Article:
Switching to a Ground Source Heat Pump

By: Henrietta Mackenzie

John and Isobel Mackenzie had always been very eco-conscious, but when their first grandchild was born a few years ago, reducing their carbon footprint became a priority. To heat their house they’d been running an oil combi boiler for the last ten years which used over 1200 litres of oil per year. This meant every shower and bath, and every time they turned on the central heating or made a cup of tea had an impact on the environment. They just couldn’t sit back knowing this and decided to make some changes to reduce their carbon footprint.

Many people don’t realise but oil and gas heating systems are huge polluters. The average UK household emits 2.7 tonnes of CO2 each year from heating their house. In fact 14% of UK greenhouse gases come from houses, which is a similar level to car emissions.

Knowing what a big polluter their old combi oil boiler was, the Mackenzies decided to replace it with a renewable energy alternative: a Ground Source Heat Pump.

What is a Ground Source Heat Pump? 

Ground Source Heat Pumps pump a mixture of water and antifreeze around a loop of pipe, which is buried underground in your garden. These pipes are housed in the ground either horizontally or vertically, in boreholes. Heat from the ground is then absorbed into the fluid and passed through a heat exchanger inside a heat pump which lives in a plant room outside your house. (This is typically an external building like a converted garage). The heat energy is then effectively concentrated and used to heat your house.

First impressions

This was new territory for the Mackenzies. Their first impression was that Ground Source Heat Pumps looked complicated and expensive. It was difficult to understand how 100 metre deep boreholes connected to a heat pump, which looked like a giant fridge, could produce enough renewable energy to heat their house. Talking to the right specialist was critical to understanding the process, installation and benefits.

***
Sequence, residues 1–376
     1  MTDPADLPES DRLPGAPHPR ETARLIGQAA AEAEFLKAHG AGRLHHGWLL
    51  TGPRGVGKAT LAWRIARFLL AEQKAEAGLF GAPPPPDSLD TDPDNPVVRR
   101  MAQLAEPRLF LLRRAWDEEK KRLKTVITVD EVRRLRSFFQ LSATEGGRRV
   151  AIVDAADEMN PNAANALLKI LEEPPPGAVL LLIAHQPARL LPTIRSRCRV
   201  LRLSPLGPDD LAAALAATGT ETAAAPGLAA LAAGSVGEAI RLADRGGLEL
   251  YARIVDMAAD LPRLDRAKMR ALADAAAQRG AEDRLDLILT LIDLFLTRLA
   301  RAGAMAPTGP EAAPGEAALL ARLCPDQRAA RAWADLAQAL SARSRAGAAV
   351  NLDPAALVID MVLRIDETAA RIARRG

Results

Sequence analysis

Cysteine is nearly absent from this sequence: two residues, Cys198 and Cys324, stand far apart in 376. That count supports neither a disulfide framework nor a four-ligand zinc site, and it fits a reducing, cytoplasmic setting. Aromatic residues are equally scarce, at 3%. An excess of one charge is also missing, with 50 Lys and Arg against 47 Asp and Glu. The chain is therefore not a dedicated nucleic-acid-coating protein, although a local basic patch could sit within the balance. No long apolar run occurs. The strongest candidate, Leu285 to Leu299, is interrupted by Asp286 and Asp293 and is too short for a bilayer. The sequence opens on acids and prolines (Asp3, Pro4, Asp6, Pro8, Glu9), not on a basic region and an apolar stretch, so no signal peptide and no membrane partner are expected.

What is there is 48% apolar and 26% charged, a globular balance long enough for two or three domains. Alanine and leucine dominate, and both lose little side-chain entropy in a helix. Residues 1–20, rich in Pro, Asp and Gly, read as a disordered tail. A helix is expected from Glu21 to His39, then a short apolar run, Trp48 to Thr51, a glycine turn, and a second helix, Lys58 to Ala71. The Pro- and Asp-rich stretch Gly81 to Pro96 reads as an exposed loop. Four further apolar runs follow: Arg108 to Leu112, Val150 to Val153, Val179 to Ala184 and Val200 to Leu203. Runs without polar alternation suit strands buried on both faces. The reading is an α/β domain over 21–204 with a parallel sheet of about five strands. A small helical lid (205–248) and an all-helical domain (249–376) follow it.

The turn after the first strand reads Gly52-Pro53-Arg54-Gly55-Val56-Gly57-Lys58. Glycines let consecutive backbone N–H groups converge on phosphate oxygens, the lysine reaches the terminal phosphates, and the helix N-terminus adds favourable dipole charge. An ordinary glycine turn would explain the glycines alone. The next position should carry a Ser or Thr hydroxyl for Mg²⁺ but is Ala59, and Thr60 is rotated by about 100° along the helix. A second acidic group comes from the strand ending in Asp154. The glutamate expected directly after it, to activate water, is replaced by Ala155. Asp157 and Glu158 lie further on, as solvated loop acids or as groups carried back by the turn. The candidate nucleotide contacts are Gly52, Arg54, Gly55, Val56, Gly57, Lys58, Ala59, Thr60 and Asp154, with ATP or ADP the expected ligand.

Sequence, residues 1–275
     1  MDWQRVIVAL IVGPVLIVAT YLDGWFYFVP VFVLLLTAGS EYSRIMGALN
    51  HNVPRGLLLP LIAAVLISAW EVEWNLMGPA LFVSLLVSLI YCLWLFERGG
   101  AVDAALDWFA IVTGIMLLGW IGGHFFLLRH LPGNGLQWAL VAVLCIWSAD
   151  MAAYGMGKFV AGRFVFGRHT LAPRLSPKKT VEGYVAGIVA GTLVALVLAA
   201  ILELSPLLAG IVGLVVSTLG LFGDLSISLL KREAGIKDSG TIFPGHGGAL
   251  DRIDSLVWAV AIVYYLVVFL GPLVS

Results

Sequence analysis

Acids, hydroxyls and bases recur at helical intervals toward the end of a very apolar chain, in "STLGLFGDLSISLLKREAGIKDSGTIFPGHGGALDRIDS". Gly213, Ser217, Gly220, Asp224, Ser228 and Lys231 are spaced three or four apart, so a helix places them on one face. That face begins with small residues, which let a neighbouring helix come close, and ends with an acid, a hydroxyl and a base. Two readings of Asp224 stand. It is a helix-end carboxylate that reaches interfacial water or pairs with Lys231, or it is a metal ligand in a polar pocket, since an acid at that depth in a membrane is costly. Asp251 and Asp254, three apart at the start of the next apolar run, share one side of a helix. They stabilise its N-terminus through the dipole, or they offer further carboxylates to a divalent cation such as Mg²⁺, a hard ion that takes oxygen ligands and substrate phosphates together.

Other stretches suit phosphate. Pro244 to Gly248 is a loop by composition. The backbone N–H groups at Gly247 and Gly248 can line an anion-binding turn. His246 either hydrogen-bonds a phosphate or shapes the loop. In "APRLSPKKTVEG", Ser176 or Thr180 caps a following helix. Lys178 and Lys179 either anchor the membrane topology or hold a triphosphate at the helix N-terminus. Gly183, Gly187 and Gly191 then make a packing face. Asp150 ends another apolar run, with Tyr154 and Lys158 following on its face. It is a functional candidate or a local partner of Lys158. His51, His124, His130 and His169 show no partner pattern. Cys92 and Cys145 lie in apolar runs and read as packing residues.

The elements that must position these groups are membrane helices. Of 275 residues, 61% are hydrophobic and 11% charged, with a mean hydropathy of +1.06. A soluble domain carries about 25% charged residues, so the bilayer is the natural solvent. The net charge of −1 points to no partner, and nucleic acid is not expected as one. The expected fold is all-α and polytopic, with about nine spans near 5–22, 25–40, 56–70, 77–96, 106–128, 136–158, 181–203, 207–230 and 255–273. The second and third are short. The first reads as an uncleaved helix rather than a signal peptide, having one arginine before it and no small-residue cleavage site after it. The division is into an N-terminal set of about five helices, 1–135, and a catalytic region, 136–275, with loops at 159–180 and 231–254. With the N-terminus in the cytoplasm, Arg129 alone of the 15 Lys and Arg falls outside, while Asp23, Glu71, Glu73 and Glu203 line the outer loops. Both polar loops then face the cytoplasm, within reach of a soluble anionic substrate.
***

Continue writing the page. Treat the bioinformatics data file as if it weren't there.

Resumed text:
Choosing the right supplier

To manage the installation, they chose borehole and Ground Source Heat Pump specialists, Nicholls Boreholes, working directly with Design Engineer Skye Tansey, who led the installation process.

There were six key steps which took just under a month:

  1. Nicholls Boreholes’ team dug three vertical 100 metre boreholes spaced evenly apart in the garden.
  2. A separate groundwork team then dug two one metre deep by one metre wide trenches for pipework which would connect the borehole heads to the plant room and then from the plant room to the house.
  3. Nicholls’ team then installed and tested the pipework connecting the boreholes to the plant room.
  4. Nicholls’ plumbers and electricians installed the heat pump, exchange equipment and water tanks in the plant room.
  5. A plumber removed the oil boiler and then connected the equipment to the existing heating and hot water system.
  6. Nicholls’ team then installed and tested the pipework connecting the plant room to the house.

Project management

To keep costs down, the Mackenzies took on a key part of the project management and enlisted their own builder and electrician to support on various tasks, including:

  • Drawing up a detailed diagram of the garden to help map out where the boreholes would be placed.
  • Digging the two trenches: one from the boreholes to the plant room and the other one from the plant room to the house.
  • Converting their garage into a plant room.
  • Installing a high powered electricity supply to the plant room to power the heat pump.
  • Ensuring there was a water supply to the plant room. This was done with a single water pipe going one way from the water metre to the plant room. Then two pipes coming back, supplying hot water for heating, and a supply of water for hot water. These were then insulated to keep them hot.

Renewable Heat Incentive

The Mackenzies qualified for the Government’s domestic Renewable Heat Incentive (RHI), a UK Government scheme set up to encourage the uptake of renewable heat technologies by providing financial incentives. The domestic RHI was launched on 9th April 2014 and covers England, Wales and Scotland. It provides financial support to the owner of the renewable heating system for the first seven years.

As a result of the RHI, the Mackenzies will be reimbursed approximately two thirds of the overall cost of their Ground Source Heat Pump.

Reducing their carbon footprint

Now their Ground Source Heat Pump is up and running, it provides perfect heating and hot water all year round. It could also save them up to 70% off their fuel bill, in comparison to their previous oil boiler. They also have peace of mind that they’re making small steps towards helping to reduce air pollution, slow climate change and safeguard the planet for future generations.


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I’m Henri, and welcome to Eco Friendly Henri, an eco-lifestyle blog providing tips and advice on how to live a more sustainable life.

My blog includes eco swaps, top tips, product reviews, interviews with eco brands and influencers, renewable energy stories and more.

I have always been eco conscious but raising my daughter opened my eyes to the fact that her generation will suffer if we don’t start making more changes to help protect the planet.

If you’d like to know more, please see my About page.

I hope you enjoy the blog.


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